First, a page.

Three Dubbo schools are among more than 435 nationally to take up pen and paper to combat loneliness this year, and the number could soon grow, the woman behind the campaign says.
The students have been participating in The Letterbox Project, founded by Dubbo's Mea Campbell to create connection for people without access or capacity to use technology.
Ms Campbell launched the project as COVID-19 forced Australians to physically distance.
A new partnership with global company Tetley Tea paves the way to reach out to people and places in the wider region as the social enterprise approaches its first birthday, she says.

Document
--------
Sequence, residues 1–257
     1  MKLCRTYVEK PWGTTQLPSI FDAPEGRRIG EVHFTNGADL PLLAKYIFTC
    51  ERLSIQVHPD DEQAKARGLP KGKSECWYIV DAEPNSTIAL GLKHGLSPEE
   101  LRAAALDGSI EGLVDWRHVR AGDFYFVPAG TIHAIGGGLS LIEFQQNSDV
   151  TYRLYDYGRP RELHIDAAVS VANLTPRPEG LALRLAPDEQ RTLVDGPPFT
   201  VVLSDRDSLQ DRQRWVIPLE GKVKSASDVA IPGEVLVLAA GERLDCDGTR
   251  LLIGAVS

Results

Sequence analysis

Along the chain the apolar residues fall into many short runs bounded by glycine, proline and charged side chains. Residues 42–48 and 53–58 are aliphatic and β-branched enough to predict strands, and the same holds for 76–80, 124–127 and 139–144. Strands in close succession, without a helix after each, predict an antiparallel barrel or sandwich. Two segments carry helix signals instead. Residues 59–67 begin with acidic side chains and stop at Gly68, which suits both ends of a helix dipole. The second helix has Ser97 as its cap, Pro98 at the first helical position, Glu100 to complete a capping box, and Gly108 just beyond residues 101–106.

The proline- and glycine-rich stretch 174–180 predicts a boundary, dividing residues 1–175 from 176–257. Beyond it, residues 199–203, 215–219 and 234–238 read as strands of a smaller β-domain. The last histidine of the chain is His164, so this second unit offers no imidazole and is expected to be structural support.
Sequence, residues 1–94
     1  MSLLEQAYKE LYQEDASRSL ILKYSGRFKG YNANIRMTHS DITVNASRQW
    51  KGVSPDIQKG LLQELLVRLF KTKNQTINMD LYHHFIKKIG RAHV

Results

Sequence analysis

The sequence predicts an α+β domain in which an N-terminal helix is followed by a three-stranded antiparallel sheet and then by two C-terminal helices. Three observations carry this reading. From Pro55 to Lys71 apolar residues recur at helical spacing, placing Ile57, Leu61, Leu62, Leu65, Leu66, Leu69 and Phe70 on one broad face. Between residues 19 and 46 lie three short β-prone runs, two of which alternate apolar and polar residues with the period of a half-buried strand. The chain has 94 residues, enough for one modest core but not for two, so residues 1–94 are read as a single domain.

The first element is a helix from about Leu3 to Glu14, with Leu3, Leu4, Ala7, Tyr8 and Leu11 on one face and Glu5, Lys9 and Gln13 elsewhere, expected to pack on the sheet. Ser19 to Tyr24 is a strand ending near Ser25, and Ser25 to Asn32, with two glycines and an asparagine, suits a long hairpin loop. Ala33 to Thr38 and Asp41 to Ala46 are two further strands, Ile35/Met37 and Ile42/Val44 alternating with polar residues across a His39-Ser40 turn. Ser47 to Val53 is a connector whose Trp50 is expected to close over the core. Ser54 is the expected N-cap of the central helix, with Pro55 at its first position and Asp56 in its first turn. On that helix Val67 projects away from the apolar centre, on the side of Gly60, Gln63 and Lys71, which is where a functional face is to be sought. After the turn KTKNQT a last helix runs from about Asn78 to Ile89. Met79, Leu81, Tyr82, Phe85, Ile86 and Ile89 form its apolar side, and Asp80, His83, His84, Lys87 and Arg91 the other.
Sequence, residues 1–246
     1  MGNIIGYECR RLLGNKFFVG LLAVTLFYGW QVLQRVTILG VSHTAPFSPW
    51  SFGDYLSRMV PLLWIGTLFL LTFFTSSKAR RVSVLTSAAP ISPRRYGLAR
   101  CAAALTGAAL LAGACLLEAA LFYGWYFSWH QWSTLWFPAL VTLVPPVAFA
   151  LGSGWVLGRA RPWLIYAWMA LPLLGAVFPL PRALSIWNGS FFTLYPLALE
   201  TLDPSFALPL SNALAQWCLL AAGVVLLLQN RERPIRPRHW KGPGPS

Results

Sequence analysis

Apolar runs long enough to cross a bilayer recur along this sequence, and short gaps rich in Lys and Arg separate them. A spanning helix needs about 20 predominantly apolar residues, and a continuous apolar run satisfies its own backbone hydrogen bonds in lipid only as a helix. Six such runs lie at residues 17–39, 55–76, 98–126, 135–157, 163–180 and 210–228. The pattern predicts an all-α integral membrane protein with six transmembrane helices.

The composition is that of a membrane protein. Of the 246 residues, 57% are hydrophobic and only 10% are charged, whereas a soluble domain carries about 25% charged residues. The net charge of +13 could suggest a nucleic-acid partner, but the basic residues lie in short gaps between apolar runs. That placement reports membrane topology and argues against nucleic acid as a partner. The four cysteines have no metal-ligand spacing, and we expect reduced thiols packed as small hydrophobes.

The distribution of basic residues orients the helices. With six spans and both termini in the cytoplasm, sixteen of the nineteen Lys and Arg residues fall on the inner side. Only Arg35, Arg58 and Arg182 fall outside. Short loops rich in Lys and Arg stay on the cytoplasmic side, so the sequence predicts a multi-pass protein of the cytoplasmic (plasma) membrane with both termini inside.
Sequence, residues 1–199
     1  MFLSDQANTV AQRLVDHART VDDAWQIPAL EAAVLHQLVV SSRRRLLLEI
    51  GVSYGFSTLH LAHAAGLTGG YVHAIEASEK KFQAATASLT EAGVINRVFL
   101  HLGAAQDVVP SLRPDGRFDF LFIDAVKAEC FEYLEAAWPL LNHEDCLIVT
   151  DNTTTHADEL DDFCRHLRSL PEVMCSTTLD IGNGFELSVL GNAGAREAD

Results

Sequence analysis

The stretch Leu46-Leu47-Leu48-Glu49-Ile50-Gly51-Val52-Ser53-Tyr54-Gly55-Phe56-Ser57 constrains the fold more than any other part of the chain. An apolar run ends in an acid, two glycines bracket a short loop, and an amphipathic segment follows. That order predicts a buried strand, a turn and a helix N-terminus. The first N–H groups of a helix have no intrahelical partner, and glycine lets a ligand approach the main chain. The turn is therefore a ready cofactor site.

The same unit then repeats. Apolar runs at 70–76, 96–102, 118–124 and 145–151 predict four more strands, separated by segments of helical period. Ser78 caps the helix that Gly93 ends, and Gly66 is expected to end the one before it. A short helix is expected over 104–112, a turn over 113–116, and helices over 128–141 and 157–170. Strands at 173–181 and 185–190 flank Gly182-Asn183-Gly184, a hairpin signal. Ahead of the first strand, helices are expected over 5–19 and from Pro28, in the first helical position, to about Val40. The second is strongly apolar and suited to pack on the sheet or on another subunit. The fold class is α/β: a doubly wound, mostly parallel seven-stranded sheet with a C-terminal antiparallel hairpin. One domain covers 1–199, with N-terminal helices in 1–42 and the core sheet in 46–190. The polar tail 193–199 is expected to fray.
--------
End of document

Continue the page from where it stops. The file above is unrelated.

The support from the household name will allow for more permanent staff to come on board to assist with the team of 47 core volunteers, and that will open up new avenues, she said.
"I'm excited that we will now have the capacity to reach out to local schools, nursing homes and so on, and invite them to participate," she said.
"There has just been no time to even think of doing that, so the staff will really help in so many ways."
Other interested community members are also welcome to lend their time to The Letterbox Project, which estimates more than 30,000 letters will be sent in the next 12 months.
"Our letter writers are growing daily, we have more than 15,000 letter writers, excluding schools and organisations, and we welcome anyone to participate," Ms Campbell said.
"The need is there, loneliness is an equal risk factor for mortality as smoking and obesity, equal.
"Loneliness is linked to multiple chronic conditions including heart disease, lung disease, CV disease, stroke and metabolic disease.
"It is also a major predicator of psychological problems including depression and anxiety.
"It is a serious community issue."